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You Have Been Replaced by AI: Jaan Aru – “Creativity in the age of artificial intelligence”

Jaan Aru is an associate professor at the University of Tartu studying creativity, neuroscience, artificial intelligence, and the effect of technology on the human mind. He has published over 40 international scientific articles and two national bestsellers about the brain and creativity. He has given more than two hundred popular scientific talks to companies, schools, government organisations, and the general public.

In his presentation “Creativity in the Age of Artificial Intelligence”, Mr Aru focused on creativity and the effects AI might have on it. The three big questions the presenter was trying to give an answer for were: how similar AI systems to humans are; what the effect of this tool on us is; what can be done to make use of these tools.  

To begin, the speaker introduced the concept of creativity. He argued that creativity is not only present in people who are well versed in art or music but is present in every individual who is trying to combine different ideas towards a new goal. Therefore, creativity is present in business, science and every field where there’s someone with an inner drive towards creating something.

Onwards with creativity and AI - are AI systems creative? The presenter gave an example of a prompt given to an image-generating AI system and showed the output. AI can, indeed, combine the ideas and pieces of info given to it and build something from it. The question, however, is how similar or different is this kind of creativity to humans. The product, or output, seems similar indeed, Mr Aru clarifies, however, there is still the question of the process, of what is happening inside before the output is given. The answer to this point seems to be that while the product may seem similar, it’s the internal struggle of creation that makes the fruits of human creativity different. Therefore, as AI systems have no inner drive or wish to do something, they create once a prompt is provided; humans, however, have much going on inside even without a certain task to solve.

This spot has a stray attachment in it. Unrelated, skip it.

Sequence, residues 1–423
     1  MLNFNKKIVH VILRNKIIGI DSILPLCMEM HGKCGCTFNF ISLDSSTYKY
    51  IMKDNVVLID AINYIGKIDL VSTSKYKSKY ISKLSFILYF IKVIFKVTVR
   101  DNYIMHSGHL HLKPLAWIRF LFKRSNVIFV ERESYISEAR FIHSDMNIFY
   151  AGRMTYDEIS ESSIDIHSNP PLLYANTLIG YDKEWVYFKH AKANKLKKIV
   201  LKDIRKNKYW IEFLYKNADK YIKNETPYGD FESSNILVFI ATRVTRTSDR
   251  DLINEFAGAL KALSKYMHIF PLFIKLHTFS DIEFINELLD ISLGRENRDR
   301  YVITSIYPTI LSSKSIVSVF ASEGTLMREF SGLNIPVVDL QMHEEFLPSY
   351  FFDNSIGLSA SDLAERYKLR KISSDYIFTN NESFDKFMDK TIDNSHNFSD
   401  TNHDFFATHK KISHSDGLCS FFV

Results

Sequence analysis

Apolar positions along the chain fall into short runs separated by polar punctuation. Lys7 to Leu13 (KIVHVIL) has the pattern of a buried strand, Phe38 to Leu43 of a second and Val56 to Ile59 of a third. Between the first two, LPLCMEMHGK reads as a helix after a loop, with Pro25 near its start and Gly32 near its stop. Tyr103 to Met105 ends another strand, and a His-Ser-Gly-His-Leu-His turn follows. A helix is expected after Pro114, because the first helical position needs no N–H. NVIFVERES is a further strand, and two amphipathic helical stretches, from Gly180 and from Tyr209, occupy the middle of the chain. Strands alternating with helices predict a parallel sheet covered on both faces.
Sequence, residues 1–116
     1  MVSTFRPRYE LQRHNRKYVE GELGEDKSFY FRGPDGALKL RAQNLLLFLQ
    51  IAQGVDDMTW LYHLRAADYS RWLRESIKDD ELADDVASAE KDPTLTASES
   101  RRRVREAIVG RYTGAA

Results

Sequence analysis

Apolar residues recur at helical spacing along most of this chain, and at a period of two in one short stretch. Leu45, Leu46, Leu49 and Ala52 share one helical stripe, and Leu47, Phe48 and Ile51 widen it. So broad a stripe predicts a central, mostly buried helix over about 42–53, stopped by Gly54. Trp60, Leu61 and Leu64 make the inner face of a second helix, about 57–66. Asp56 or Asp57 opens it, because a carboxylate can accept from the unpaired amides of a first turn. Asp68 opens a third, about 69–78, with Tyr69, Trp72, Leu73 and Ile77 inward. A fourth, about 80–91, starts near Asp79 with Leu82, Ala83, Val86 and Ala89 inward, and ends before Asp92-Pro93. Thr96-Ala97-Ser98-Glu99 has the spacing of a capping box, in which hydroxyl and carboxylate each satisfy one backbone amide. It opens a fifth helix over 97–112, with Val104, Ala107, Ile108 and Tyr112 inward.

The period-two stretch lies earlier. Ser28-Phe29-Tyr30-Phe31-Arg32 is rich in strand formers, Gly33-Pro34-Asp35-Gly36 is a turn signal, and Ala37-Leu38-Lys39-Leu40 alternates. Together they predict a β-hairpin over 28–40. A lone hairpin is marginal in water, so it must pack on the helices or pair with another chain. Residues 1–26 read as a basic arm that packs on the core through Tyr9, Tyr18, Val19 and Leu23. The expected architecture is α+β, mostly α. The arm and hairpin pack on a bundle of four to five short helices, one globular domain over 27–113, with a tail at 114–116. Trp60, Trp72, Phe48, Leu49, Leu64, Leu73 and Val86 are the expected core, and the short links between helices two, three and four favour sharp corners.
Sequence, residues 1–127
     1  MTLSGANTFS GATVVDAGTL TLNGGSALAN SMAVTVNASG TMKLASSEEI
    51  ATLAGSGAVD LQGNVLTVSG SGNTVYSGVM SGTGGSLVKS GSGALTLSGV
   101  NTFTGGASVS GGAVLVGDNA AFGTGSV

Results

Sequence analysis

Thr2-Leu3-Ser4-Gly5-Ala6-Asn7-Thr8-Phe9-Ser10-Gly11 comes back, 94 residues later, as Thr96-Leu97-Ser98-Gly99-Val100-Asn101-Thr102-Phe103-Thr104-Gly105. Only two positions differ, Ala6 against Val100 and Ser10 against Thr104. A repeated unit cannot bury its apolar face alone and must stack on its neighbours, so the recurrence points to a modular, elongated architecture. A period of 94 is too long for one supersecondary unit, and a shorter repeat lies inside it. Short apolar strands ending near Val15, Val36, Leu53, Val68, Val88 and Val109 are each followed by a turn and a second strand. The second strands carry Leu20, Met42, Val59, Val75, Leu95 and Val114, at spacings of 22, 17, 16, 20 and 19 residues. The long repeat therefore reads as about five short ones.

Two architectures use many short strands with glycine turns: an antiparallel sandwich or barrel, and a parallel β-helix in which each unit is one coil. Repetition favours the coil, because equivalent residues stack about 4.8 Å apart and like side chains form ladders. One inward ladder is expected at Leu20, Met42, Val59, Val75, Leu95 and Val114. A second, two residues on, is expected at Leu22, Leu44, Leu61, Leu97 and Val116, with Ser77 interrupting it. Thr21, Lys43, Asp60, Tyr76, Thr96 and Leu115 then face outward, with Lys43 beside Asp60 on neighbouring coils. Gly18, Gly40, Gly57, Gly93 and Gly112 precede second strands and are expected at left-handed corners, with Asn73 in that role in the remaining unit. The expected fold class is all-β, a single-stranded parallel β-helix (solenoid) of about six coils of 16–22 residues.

To better explain the concept, the speaker brought about the ideas of internal and external creativity. External meaning that one combines different ideas and parts of their knowledge to create something. However, all creative people use these so-called building blocks for creating because there is this inner wish to do something. And this wish, this drive to create is the key difference since it’s the internal component that AI does not possess. Derived from this, creative people would use AI as an external tool to amplify and realise their ideas. However, there is an issue that might arise from utilising this solution; not everyone would boost their creativity, some would also lose it. The ones to lose are these people who get a task to fulfil and then directly use ChatGPT or some other AI system to produce it, without personally working on the task. In this case, the speaker explains, the internal creativity comes from the task-giver and the external creativity from AI, leaving the person in between with nothing, since they do not utilise their own creativity.

Hence, to start closing the topic, the speaker clarified that the people who successfully use AI tools are the people who have learned to use their inner creativity. Because people, who have not put in the hard work to develop their goals and inner motivation to create, will most probably turn towards AI tools (like ChatGPT) in order to avoid this great mental effort. Hence, we, together with our education system, need to work towards learning to use AI tools to support human creativity and not letting the usage of these tools suffocate an integral part of us that makes us different from these systems. Therefore, like Mr Aru responded to one of the questions, let us ask questions, let us learn how to prompt and not just directly copy paste the result the AI provides to the task.

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